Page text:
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Revision 5393 - (download) (as text) (annotate)
Mon Aug 20 04:23:02 2007 UTC (12 years, 5 months ago) by dpvc
File size: 8337 byte(s)
Implements a general antiderivative formula object where the student
must include a "+ C" (using any variable he or she chooses) and the
correct answer also shows a "+ C".  See the comments in the file for
details.

    1 loadMacros("MathObjects.pl");
    2 
    3 sub _parserFormulaUpToConstant_init {FormulaUpToConstant::Init()}
    4 
    5 =head1 FormulaUpToConstant();
    6 
    7  ######################################################################
    8  #
    9  #  This file implements the FormulaUpToConstant object, which is
   10  #  a formula that is only unique up to a constant (i.e., this is
   11  #  an anti-derivative). Students must include the "+C" as part of
   12  #  their answers, but they can use any (single-letter) constant that
   13  #  they want, and it doesn't have to be the one the professor used.
   14  #
   15  #  To use FormulaWithConstat objects, load this macro file at the
   16  #  top of your problem:
   17  #
   18  #    loadMacros("parserFormulaUpToConstant");
   19  #
   20  #  then create a formula with constant as follows:
   21  #
   22  #    $f = FormulaUpToConstant("sin(x)+C");
   23  #
   24  #  Note that the C should NOT already be a variable in the Context;
   25  #  the FormulaUpToConstant object will handle adding it in for
   26  #  you.  If you don't include a constant in your formula (i.e., if
   27  #  all the variables that you used are already in your Context,
   28  #  then the FormulaUpToConstant object will add "+C" for you.
   29  #
   30  #  The FormulaUpToConstant should work like any normal Formula,
   31  #  and in particular, you use $f->cmp to get its answer checker.
   32  #
   33  #    ANS($f->cmp);
   34  #
   35  #  Note that the FormulaUpToConstant object creates its only private
   36  #  copy of the current Context (so that it can add variables without
   37  #  affecting the rest of the problem).  You should not notice this
   38  #  in general, but if you need to access that context, use $f->{context}.
   39  #  E.g.
   40  #
   41  #    Context($f->{context});
   42  #
   43  #  would make the current context the one being used by the
   44  #  FormulaUpToConstant, while
   45  #
   46  #    $f->{context}->variables->names
   47  #
   48  #  would return a list of the variables in the private context.
   49  #
   50  #  To get the name of the constant in use in the formula,
   51  #  use
   52  #
   53  #    $f->constant.
   54  #
   55  #  If you combine a FormulaUpToConstant with other formulas,
   56  #  the result will be a new FormulaUpToConstant object, with
   57  #  a new Context, and potentially a new + C added to it.  This
   58  #  is likely not what you want.  Instead, you should convert
   59  #  back to a Formula first, then combine with other objects,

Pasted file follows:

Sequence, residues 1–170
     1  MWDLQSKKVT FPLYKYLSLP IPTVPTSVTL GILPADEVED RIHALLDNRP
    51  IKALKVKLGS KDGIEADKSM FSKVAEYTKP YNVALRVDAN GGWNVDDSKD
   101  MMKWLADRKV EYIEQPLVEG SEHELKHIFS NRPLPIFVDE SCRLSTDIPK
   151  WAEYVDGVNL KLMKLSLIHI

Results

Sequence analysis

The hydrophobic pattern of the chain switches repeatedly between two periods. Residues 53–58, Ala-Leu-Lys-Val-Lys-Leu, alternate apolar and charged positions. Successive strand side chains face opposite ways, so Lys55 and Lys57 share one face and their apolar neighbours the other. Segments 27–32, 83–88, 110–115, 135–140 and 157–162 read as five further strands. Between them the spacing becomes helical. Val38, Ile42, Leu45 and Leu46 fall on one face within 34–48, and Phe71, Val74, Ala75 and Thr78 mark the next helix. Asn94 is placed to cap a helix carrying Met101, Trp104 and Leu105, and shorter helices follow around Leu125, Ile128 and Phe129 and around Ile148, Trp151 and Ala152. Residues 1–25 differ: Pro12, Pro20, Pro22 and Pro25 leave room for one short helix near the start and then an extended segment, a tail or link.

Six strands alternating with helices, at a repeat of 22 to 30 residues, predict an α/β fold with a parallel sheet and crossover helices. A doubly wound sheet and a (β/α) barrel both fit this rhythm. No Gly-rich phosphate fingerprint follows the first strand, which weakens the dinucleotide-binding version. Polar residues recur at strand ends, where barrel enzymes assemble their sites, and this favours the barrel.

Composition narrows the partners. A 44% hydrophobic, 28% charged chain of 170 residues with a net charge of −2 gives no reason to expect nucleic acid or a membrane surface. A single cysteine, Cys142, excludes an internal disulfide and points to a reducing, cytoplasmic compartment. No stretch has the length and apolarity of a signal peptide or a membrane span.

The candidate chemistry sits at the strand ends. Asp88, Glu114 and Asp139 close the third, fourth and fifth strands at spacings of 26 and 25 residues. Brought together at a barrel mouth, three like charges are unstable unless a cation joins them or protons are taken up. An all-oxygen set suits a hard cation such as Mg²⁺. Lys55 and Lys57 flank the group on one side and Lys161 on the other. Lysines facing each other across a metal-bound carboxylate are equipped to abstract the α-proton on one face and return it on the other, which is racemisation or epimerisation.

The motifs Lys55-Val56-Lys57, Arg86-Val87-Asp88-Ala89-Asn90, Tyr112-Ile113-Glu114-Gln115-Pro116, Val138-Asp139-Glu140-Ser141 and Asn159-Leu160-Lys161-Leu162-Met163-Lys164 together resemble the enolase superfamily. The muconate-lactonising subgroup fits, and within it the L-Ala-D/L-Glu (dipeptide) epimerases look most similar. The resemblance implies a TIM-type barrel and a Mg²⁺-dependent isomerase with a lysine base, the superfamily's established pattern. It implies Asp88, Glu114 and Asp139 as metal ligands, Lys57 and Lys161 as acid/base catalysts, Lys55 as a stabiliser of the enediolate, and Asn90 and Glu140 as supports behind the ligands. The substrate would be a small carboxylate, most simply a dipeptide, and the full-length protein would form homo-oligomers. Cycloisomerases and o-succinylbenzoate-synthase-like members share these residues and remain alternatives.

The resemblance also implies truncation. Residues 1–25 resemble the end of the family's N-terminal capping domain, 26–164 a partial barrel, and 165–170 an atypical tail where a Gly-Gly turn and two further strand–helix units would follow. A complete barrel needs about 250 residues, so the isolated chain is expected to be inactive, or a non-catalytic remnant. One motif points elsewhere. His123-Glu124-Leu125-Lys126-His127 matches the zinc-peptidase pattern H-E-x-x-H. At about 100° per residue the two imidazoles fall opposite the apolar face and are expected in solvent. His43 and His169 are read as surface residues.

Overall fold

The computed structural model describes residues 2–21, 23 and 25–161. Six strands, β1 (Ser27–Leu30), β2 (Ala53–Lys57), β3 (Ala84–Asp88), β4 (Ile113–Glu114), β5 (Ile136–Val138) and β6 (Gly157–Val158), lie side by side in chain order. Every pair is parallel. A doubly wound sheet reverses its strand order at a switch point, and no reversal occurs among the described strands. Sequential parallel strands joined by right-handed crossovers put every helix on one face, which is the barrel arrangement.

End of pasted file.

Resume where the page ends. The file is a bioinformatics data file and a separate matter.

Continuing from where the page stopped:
60  #  then convert back to a FormulaUpToConstant, if necessary.
   61  #  To do this, use the removeConstant() method:
   62  #
   63  #    $f = FormulaUpToConstant("sin(x)+C");
   64  #    $g = Formula("cos(x)");
   65  #    $h = $f->removeConstant + $g;  # $h will be "sin(x)+cos(x)"
   66  #    $h = FormulaUpToConstant($h);  # $h will be "sin(x)+cos(x)+C"
   67  #
   68  ######################################################################
   69 
   70 =cut
   71 
   72 package FormulaUpToConstant;
   73 @ISA = ('Value::Formula');
   74 
   75 sub Init {
   76   main::PG_restricted_eval('sub FormulaUpToConstant {FormulaUpToConstant->new(@_)}');
   77 }
   78 
   79 #
   80 #  Create an instance of a FormulaUpToConstant.  If no constant
   81 #  is supplied, we add C ourselves.
   82 #
   83 sub new {
   84   my $self = shift; my $class = ref($self) || $self;
   85   #
   86   #  Copy the context (so we can modify it) and
   87   #  replace the usual Variable object with our own.
   88   #
   89   my $context = (Value::isContext($_[0]) ? shift : $self->context)->copy;
   90   $context->{parser}{Variable} = 'FormulaUpToConstant::Variable';
   91   #
   92   #  Create a formula from the user's input.
   93   #
   94   my $f = main::Formula($context,@_);
   95   #
   96   #  If it doesn't have a constant already, add one.
   97   #  (should check that C isn't already in use, and look
   98   #   up the first free name, but we'll cross our fingers
   99   #   for now.  Could look through the defined variables
  100   #   to see if there is already an arbitraryConstant
  101   #   and use that.)
  102   #
  103   unless ($f->{constant}) {$f = $f + "C", $f->{constant} = "C"}
  104   #
  105   #  Check that the formula is linear in C.
  106   #
  107   my $n = $f->D($f->{constant});
  108   Value->Error("Your formula isn't linear in the arbitrary constant '%s'",$f->{constant})
  109     unless $n->isConstant;
  110   #
  111   #  Make a version with an adaptive parameter for use in the
  112   #  comparison later on.  We could like n0*C, but already have $n
  113   #  copies of C, so remove them.  That way, n0 will be 0 when there